A United sense of perspective

Posted by Musa Okwonga

"I hurt myself today", sang Johnny Cash, "to see if I'd still feel/I focused on my pain, the only thing that's real."

The country singer, in his beautifully wistful cover of Trent Reznor's 'Hurt', could have been speaking to the older generation of Manchester United fans. Many of them may feel oddly desensitised by the current era of almost endless success. The days of relative struggle, languishing thirteenth in the league, are so long ago that they might as well not have happened; to quote J. R. R. Tolkien in Lord of the Rings, "history became legend, and legend became myth". For those supporters, there is still something slightly dreamlike about the current era of the club's dominance. Many of them will recall the period immediately prior to Sir Alex Ferguson's arrival, when the Old Trafford crowd had apparently abandoned the idea of lasting success. Manchester United, pre-Ferguson, were a rock band who feared that their best material was years behind them.

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Now, though, they've got their swagger back. They frequently headline the Premier League, football's very own corporate festival, yet they still haven't quite got the hang of breaking Europe. To some younger fans, though, they were never a force whose powers had waned. There was a revealing moment yesterday on Twitter, when Manchester United's 1-0 defeat to Chelsea saw very different reactions from the club's followers. Shortly after Demba Ba had won the FA Cup quarterfinal for the Londoners, floating home a volley of which Alessandro del Piero would have been proud, the analysis began: by turns disappointed, and indignant. There were those who were annoyed that the season was shuddering to an unsatisfactory close; those merely just happy that their team, in any event, was soon to regain the Premier League title from Manchester City; and those angry that Manchester United had lost their shot at the double for another year.

The desire of some supporters to win multiple trophies each year is, in some sense, admirable: No club gets big, and stays big, without ambition. At the same time, though, the expectation of success is relatively new, and also quite problematic. For all of Manchester United's titles, financial power and marketing might, it is always important to remember how fragile the architecture of their supremacy once was -- and, in some sense, still is. Both of the club's UEFA Champions League titles, in 1999 and 2008, came down to the last kick of the match against opponents who were arguably far superior on the night. Several of their league championships came down to only a few points. Behind it all, of course, Ferguson has remained the constant, unstoppable impetus. Thanks to him, Manchester United's permanent place on the podium seems effortless.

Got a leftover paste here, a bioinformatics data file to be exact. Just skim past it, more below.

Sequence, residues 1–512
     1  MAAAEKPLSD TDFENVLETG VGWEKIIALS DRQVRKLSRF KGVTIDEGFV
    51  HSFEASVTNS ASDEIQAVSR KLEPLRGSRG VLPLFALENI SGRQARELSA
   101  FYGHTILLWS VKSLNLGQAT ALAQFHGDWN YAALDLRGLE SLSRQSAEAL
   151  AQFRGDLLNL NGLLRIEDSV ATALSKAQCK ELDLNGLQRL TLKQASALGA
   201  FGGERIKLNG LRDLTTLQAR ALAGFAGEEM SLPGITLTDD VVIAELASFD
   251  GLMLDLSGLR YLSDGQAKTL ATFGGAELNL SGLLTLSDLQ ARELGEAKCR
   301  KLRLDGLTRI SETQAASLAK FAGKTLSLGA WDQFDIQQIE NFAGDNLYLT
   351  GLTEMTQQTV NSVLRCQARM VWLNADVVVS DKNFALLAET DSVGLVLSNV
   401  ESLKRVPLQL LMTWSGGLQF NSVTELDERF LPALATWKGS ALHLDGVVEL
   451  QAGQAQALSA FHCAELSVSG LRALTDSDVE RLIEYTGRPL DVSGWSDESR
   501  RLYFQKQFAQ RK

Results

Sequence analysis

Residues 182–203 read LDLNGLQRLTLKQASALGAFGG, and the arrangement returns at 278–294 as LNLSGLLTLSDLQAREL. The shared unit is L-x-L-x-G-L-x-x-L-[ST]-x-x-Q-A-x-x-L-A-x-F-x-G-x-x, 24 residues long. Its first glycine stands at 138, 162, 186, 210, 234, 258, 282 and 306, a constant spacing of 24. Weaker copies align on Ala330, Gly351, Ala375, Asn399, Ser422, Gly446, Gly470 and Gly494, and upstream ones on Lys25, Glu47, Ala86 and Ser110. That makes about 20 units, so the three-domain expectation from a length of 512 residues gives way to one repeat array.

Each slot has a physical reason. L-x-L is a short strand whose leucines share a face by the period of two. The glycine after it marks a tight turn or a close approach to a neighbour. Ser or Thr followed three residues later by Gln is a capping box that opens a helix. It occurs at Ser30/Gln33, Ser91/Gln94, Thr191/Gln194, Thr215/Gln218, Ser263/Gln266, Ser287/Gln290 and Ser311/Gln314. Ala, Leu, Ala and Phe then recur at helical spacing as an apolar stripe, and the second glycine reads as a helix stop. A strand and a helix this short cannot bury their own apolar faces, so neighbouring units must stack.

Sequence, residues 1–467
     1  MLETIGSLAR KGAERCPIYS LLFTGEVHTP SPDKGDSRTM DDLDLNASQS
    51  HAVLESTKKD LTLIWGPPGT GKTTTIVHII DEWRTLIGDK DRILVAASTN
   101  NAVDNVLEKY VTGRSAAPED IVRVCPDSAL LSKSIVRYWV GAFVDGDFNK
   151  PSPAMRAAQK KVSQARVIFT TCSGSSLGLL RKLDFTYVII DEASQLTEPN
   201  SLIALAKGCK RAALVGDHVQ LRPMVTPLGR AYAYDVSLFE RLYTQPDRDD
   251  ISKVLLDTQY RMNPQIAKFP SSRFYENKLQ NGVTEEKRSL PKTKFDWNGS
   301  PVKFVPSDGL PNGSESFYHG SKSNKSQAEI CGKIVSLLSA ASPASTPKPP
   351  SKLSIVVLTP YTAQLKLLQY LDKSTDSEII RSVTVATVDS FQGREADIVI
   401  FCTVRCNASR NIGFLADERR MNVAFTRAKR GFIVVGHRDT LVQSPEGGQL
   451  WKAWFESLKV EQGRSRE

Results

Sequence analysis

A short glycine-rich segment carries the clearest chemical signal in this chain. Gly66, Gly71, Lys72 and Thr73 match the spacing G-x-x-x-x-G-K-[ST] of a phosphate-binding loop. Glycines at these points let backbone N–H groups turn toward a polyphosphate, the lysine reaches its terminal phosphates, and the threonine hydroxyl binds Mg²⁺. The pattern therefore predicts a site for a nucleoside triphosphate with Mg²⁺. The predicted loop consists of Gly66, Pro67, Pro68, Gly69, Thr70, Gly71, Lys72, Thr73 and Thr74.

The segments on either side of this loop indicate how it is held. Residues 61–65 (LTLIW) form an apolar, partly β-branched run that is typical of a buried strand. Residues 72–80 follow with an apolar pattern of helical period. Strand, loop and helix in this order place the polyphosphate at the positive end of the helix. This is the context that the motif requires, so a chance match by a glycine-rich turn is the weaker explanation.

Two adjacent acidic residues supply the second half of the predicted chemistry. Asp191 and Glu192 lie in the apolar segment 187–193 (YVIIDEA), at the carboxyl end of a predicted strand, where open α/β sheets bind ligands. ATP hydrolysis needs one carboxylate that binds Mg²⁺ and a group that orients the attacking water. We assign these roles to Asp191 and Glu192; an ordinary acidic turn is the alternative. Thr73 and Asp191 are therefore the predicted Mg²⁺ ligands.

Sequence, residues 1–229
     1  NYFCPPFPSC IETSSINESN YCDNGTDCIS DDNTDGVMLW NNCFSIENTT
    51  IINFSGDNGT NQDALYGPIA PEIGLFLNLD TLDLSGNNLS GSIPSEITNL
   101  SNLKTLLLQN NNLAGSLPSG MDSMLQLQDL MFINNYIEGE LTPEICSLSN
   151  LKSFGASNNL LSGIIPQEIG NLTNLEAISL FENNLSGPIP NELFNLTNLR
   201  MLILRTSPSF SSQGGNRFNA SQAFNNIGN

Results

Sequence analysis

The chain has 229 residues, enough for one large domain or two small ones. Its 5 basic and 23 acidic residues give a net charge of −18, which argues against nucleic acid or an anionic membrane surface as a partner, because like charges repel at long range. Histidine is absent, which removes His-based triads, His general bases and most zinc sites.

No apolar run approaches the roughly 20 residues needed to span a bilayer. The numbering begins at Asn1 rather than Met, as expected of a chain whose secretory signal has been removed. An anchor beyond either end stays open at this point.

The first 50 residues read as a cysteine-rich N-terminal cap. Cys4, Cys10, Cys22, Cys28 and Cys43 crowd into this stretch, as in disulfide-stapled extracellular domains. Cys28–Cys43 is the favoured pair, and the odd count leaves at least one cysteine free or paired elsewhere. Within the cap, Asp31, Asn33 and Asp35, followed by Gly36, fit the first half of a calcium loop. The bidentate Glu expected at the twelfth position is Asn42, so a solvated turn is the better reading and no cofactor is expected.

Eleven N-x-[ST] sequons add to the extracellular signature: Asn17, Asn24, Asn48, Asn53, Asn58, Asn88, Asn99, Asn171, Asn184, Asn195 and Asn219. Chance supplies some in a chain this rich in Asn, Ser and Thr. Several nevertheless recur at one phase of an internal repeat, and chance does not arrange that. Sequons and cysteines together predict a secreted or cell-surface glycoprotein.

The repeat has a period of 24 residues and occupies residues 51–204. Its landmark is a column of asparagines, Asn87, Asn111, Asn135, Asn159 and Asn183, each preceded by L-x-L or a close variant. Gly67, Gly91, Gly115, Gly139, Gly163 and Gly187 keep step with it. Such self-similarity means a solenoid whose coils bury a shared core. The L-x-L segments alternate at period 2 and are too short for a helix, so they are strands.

At times like these, though, it is useful to reflect on those other clubs whose dynasties seemed as though they would proceed forever. Liverpool, in the 1980s, were so relentlessly brilliant that, were you to send them forward in time to the modern day, most people would have expected them to have won at least ten more titles. Arsene Wenger's Arsenal, undermined by his capricious transfer policy and the weight of cold, hard debt, looked for some of the 2000s as if they would reign supreme for the entire decade. Jose Mourinho's Chelsea, had they not succumbed to United in the Premier League title race of 2006-07, might have won an unprecedented number of consecutive championships.

So it is, then, that Manchester United's defeat to Chelsea should not be received with too much despondency. Rather, it should be met with the knowledge that, until the arrival of Ferguson at Old Trafford, the concept of a Double was something distant and revered, almost unthinkable. Moreover, as the old saying goes, "All glory is fleeting". Ferguson is the exception to that ageless rule. This loss, therefore, is not a time for recrimination; but a time to gaze gratefully from the mountain-top, knowing that few can survive this climb, still less survive long at this altitude.

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